A Missouri real-estate developer is planning to build one of the largest industrial buildings in Jefferson County on land that it’s buying near Louisville International Airport. [Business First]

More students at Greater Clark County Schools are starting to take advantage of the state’s 21st Century Scholars program, and administrators hope to get more seventh- and eighth-graders to sign up early. [News & Tribune]

Transparency Is Not A Thing In Possibility City

Homicide detectives are investigating after a man was found with a gunshot wound inside the Hampton Inn on Jefferson Street in downtown Louisville just before 11 o’clock Monday night. [WDRB]

Because there’s no such thing as transparency in Louisville! The question of whether the Metropolitan Sewer District was violating the state’s open records rules from its board members’ use of private email accounts won’t be answered by Kentucky Attorney General Jack Conway. [C-J/AKN]

People are still freaking out about the murder on Ewing Avenue in the Clifton neighborhood. [WHAS11]

Fayette County Public Schools have cancelled classes for the rest of the week, according to the district’s website. [H-L]

There was an open conversation between African-American veterans and Congress Wednesday morning in Louisville. [WLKY]

A federal judge’s ruling halting the president’s executive actions on immigration did little to persuade either party in Congress to publicly back down from a budget standoff. [HuffPo]

Electrolux, the Swedish company buying General Electric’s appliance division, will make Louisville’s Appliance Park a key part of future plans, the company’s leader said Tuesday. [WAVE3]

Louisville is the 11th-poorest city in the United States. But it’s still all puppies and rainbows and whatever else Greg Fischer’s spokesgays can come up with on any given day. [CBS News]

Jefferson County Public Schools is asking parents whether an A letter grade should be based on a 90-100 point scale instead of the 93-100 scale currently used. [WFPL]

Scott Welk, who brought forward the lawsuit on Tuesday in California federal court, accused the Jim Beam Brands of violating California’s False Advertising Law with its handmade claims thus forcing him to pay a premium price for Jim Beam’s white label Bourbon. [The Spirit Business]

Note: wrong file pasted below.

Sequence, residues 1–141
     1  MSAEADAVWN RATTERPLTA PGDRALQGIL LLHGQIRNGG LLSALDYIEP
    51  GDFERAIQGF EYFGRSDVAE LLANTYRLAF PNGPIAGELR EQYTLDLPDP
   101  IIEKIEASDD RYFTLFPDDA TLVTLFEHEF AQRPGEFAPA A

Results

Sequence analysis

The elephant in the room: forcing everyone at the dying newspaper to re-apply for their jobs despite saying that wouldn’t happen. And laying Jim Carroll off because Kentucky doesn’t need to know anything about Washington, D.C., obviously. [Business First]

Two challenges have been filed against Clarksville Town Council candidates — Rick Schafer running for District 2 and Dave Disponett running for District 4. [News & Tribune]

The Snow Has Ruined Everything Forever & Ever

Louisville Mayor Greg Fischer, along with other city leaders, provided residents in Metro Louisville with an update at a Tuesday afternoon press conference, regarding the city’s plans for snow removal — and he also addressed criticisms that some streets had not yet been cleared. [WDRB]

A 19-year-old inmate charged with multiple crimes including kidnapping and robbery committed suicide Monday morning, according to Corrections Major Endora Davis. [C-J/AKN]

What happens when a bunch of whitewater boaters throw a party and a film festival breaks out? [WHAS11]

Steve Beshear issued two executive orders Tuesday: to protect consumers from price gouging and to make sure Kentuckians have access to needed prescription orders during winter’s onslaught. [H-L]

WARNING! RIDICULOUS AUTOPLAY VIDEO! Two people and a dog were pulled from an icy pond in Lyndon on Tuesday afternoon. [WLKY]

Attorney General Eric Holder called Tuesday for a moratorium on the death penalty pending a Supreme Court decision on the use of lethal injection drugs in Oklahoma. [HuffPo]

As road crews continued to clear routes throughout the city Tuesday, many businesses spent the day getting back up and running. [WAVE3]

Many children pretend to be astronauts or dream of exploring space, but eight Rowan County students have dedicated time to learning about space science. [The Morehead News]

Jefferson County Public Schools will stay closed on Wednesday because of the winter weather, school district officials announced Tuesday during a news conference with city officials. [WFPL]

Just in case you missed it, here’s a deeper look at the behind-the-scenes of Greg Fischer’s minimum wage nonsense. [The ‘Ville Voice]

Ford says pricing pressures and excess capacity are among the problems for the U.S. auto industry. [Business First]

Though two members hadn’t cast a vote on the matter as of Friday, the Horseshoe Foundation of Floyd County board isn’t expected to seat New Albany City Councilman Scott Blair. [News & Tribune]